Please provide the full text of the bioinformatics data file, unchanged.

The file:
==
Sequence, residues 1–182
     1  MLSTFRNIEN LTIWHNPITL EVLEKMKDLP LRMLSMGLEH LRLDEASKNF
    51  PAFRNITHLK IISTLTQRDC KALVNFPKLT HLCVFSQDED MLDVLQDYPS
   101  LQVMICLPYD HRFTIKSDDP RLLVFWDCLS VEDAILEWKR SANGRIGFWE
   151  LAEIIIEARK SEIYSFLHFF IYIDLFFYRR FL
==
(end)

Sequence, residues 1–182
     1  MLSTFRNIEN LTIWHNPITL EVLEKMKDLP LRMLSMGLEH LRLDEASKNF
    51  PAFRNITHLK IISTLTQRDC KALVNFPKLT HLCVFSQDED MLDVLQDYPS
   101  LQVMICLPYD HRFTIKSDDP RLLVFWDCLS VEDAILEWKR SANGRIGFWE
   151  LAEIIIEARK SEIYSFLHFF IYIDLFFYRR FL